A Poem for the Swallows (《燕詩》 /《燕詩示劉叟》) was written by the renowned poet Bai Juyi (白居易, 772-846AD) of the Tang Dynasty. It is a very popular poem in traditional Chinese culture as the poem allows one to reflect on the Confucian concept of filial piety (孝). According to a preamble of the poem, this work was composed by Bai Juyi for one sad elderly gentleman, Lau, whose son left him without a trace:
Translation(by KS Vincent POON潘君尚. Feb. 7, 2018)
Two swallows were upon a wooden beam,
a he and a she stood elegantly (翩翩) as a team.
Clays amassed by their beaks (銜泥) rested between two wooden pilings,
a nest that hatched four offspring.
The four offspring grew by the day and night,
demanding food endlessly as they chirp (孜孜) with all their might.
Fresh worms were not easy to catch as preys,
and the young mouths (黃口) seemed not to be satiated by any day.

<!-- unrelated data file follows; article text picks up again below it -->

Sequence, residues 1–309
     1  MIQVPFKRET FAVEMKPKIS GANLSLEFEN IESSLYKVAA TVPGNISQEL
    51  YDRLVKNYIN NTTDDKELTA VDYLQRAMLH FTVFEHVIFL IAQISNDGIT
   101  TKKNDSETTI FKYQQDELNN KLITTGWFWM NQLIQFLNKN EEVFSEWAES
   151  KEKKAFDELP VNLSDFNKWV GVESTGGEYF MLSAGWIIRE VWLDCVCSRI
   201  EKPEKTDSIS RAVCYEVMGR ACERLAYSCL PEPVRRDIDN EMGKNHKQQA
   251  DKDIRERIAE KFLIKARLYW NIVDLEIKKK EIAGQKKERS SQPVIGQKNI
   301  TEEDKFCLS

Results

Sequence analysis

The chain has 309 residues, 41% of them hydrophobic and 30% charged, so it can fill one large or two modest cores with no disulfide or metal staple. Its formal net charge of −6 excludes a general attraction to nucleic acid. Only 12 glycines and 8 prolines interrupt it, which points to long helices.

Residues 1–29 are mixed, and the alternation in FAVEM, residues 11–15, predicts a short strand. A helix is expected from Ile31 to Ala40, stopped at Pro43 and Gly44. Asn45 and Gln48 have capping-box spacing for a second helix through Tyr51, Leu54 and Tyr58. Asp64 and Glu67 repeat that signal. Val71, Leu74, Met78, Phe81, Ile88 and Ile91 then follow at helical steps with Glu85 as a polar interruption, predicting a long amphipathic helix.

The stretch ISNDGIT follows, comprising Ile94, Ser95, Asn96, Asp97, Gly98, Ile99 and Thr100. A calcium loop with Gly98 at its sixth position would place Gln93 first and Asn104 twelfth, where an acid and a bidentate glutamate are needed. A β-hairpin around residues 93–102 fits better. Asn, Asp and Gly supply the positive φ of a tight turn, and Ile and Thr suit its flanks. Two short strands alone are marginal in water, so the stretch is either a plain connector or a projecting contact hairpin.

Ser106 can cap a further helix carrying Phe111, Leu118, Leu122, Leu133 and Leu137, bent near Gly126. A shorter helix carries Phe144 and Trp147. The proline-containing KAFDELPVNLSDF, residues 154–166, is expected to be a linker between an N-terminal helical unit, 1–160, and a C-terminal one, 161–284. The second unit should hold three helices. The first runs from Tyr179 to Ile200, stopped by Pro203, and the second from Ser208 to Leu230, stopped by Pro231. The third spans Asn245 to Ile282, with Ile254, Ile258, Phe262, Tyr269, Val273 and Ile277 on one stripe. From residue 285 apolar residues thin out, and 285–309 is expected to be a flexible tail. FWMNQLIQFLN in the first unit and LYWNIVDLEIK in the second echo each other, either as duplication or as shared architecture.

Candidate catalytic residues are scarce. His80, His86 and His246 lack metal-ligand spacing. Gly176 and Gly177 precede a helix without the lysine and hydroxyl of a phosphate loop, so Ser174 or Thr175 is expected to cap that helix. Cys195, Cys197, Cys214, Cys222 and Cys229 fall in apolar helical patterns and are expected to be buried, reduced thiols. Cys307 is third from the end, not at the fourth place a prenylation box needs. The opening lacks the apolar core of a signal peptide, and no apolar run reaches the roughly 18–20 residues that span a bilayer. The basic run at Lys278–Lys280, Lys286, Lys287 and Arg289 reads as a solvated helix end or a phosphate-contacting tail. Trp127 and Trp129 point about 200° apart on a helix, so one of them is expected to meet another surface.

Beaks and talons were about to be tattered (敝),
yet the minds and bodies knew no tired.
In an instant, making ten flights to and fro,
still fearing starvation in the nest might take hold.
Working hard for thirty days,
the mother became thin while the chicks gradually gained more weight.
Murmuring to teach them how to speak,
brushing every one of their feathery coats to keep them neat.
Once their wings had grown and could expand,
it was time to lead them to a straight tree branch;
the youngsters all spread their wings without looking back,
taking flight and dispersed with the wind leaving no tracks.
She and he cried out for the little ones in midair,
yet not even one return as their voices exhausted in despair;
the couple returned to the empty nest,
tweeting all night sad.
O dear swallows you both should not have been so sad,
you should have reflected upon yourselves instead:
the days when you were also little chick toddler,
you too once took flight and turned your back on your mother.